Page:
I believe this would be your position, that Judas and Peter were given “equal opportunity” for salvation and Peter accepted while Judas did not. Have you ever asked yourself what makes one person accept salvation while another doesn’t? Does one hear the Gospel more clearly? Is one more spiritual then another? You say that Judas could not break through the sin that hardened his heart, but are we not all under condemnation? Is that condemnation not equally laid on us all or is there different levels? If there are different levels then is that not a sort of favoritism as well? If it is all the same and Peter is able to break through and Judas is not then doesn’t that go back to Peter being a better person then Judas on his own merit?

    Those that take your position do not have a good answer for this, so they grab on to a few verses that seem to contradict others and say “what about what it says here”. Then they build their theology around that position and start looking at the Bible through that lens. So let’s look at this verse in 2 Peter and see if it really says that God “wills” or “desires” for “every” human being to come to repentance.

    First, who is Peter writing to? At the beginning of the epistle in the first verse it says “To those who have obtained a faith of equal standing as ours by the righteousness of our God and Savior Jesus Christ”. If you just read through the first few chapters leading up to this verse you post, you can tell that the letter is clearly written to those who have been “called to his own glory and excellence”(Verse 3). He tells the recipients of this letter to make their “calling and election sure”(Verse 10). By the time we get to chapter 3, in case anyone may think that Peter has changed gears and moved to a different audience, he repeats his focus by saying in the first verse of chapter 3 “This is now the second letter I am writing to you beloved”. He is clearly talking to those who are brothers and sisters in Christ and furthermore the subject of chapter 3 is the second coming of Christ and not salvation. He is addressing why the Lord might tarry longer then they had hoped. It is in this context that Peter writes the words “The Lord is not slow to fulfill his promise, as some count slowness, but is patient toward you, not wishing that any should perish, but that all should reach repentance.” (ESV).

    Now in that context does Peter not continue to refer to the elect that he has written the letter to in the first place? What is seen here that would lead anyone to believe he has flipped to addressing everyone in the world?

    Furthermore, does this context not line up with other passages like John 17:6,9 that I referred to in my post, and are we not to interpret scripture with scripture? Why would John (And Paul) speak of the Father giving a people to the Son and then Peter address a letter to those people, only to have Peter change gears here and start talking about The Lord not wanting any to perish in a universal sense? This interpretation fails the logic and Biblical test.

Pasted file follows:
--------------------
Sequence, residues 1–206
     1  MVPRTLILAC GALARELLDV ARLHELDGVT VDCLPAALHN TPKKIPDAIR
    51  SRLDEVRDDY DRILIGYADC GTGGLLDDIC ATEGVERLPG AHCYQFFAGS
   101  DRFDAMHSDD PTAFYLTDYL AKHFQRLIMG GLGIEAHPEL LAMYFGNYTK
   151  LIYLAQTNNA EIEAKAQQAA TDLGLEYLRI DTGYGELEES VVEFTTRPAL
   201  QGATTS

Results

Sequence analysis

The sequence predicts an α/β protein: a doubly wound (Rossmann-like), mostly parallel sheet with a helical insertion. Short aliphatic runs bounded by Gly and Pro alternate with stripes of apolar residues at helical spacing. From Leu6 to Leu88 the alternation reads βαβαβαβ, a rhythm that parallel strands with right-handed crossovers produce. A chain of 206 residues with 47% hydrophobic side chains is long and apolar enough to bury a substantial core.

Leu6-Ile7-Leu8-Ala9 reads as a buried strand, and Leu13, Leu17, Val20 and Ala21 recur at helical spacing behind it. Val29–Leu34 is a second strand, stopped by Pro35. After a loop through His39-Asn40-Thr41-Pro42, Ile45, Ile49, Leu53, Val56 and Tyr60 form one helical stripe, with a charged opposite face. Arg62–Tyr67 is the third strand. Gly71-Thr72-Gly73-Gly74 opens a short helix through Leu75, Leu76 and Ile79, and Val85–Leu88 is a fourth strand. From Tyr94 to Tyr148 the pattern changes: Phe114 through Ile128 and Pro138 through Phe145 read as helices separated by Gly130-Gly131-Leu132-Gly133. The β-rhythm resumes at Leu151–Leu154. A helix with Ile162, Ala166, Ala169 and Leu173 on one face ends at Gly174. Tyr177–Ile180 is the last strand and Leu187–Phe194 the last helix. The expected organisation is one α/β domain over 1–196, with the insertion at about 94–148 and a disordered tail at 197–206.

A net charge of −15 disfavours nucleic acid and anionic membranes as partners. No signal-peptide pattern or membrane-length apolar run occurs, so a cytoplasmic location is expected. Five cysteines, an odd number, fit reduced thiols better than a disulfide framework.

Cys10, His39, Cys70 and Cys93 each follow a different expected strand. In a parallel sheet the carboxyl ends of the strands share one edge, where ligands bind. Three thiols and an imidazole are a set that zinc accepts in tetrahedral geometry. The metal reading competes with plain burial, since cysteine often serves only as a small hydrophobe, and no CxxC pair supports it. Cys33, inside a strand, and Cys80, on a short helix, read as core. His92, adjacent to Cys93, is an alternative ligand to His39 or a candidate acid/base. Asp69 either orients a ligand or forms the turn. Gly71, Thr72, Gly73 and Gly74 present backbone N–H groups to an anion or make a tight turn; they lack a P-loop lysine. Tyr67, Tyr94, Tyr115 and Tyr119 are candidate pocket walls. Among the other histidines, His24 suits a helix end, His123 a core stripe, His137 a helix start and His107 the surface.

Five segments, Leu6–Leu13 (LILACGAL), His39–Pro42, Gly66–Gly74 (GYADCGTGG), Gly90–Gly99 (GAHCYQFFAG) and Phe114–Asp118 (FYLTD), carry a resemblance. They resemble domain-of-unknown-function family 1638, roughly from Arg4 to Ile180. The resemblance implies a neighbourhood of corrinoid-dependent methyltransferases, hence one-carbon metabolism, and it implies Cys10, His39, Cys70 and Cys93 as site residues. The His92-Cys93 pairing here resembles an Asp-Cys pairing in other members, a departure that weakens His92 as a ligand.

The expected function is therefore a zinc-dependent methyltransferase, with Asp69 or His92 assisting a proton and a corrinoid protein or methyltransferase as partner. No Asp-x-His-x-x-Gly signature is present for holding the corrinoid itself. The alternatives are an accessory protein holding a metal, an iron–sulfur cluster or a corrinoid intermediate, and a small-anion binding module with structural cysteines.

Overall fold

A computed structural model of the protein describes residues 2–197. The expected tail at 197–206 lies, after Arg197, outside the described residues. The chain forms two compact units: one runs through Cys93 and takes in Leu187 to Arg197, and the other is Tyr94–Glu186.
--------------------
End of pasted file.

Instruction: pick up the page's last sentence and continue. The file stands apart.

So is this alleging that God “plays favorites” when it comes to salvation? First of all there are many occasions where it is said that God is no respecter of persons as in Romans 2:11, the only question is how can this be so? Paul gives us the answer when he tells us that God will “have mercy on whom he will have mercy”. He would also be just to leave us all in our condemnation but in his mercy and grace he chooses to save. If people have nothing to offer then God can’t play favorites with some and not others. Election is unconditional for this reason because there are no conditions that we can present on our behalf. In fact it would be your position that would make things conditional on our acceptance.

    Remember that Jesus healed some and not others. He brought some people back to life and not others. He said to the one thief that he would be with him in paradise and passed by the other. Why? Why not save everyone? In the parable of the laborers in the vineyard Jesus says at the end “Am I not allowed to do what I choose with what belongs to me? Or do you begrudge my generosity? So the last will be the first and the first the last”.

    No favoritism there….

  4. Thank you I finally see clearly the difference between Judas and Simon Peter. I always thought of them both traders and equally evil, but now I understand the huge difference.

  5. You make very interesting points here! I agree with you on all of them, except I believe that the biggest difference between Judas and Peter lies in their reactions upon discovering that they had sinned. Peter is overwhelmed by guilt upon realizing what he has done, but he has faith in Jesus and His message of absolute forgiveness, so he works to earn redemption by devoting himself to God entirely. Judas killed himself because he believed that what he had done was so awful that he could not possibly be forgiven– he did not understand that Jesus, as the son of God, could forgive him anything.

    While Peter is the only one that Jesus addresses directly, there are several instances in the four gospels in which Jesus prays for all of his disciples. In John 17:12, Jesus prays, “While I was with them, I protected them and guarded them by Your name, the name You gave Me. Not one of them has been lost, except the son of destruction, so that the Scripture would be fulfilled.” The word “lost” used to describe Judas here is the greek word “ἀπόλλυμι”, and it is the same word which appears in Luke 15:4 when Jesus says, “What man of you, having a hundred sheep, if he lose one of them, doth not leave the ninety and nine in the wilderness, and go after that which is lost, until he find it?” There is no doubt in my mind that, as the shepherd searches for his lost sheep, Jesus would have searched for Judas and done everything he could to bring him back. Whether or not Jesus succeeded in saving Judas from himself is less than clear– his suicide in Matthew could be seen as an act of reconciliation, but again, this is not exactly clear.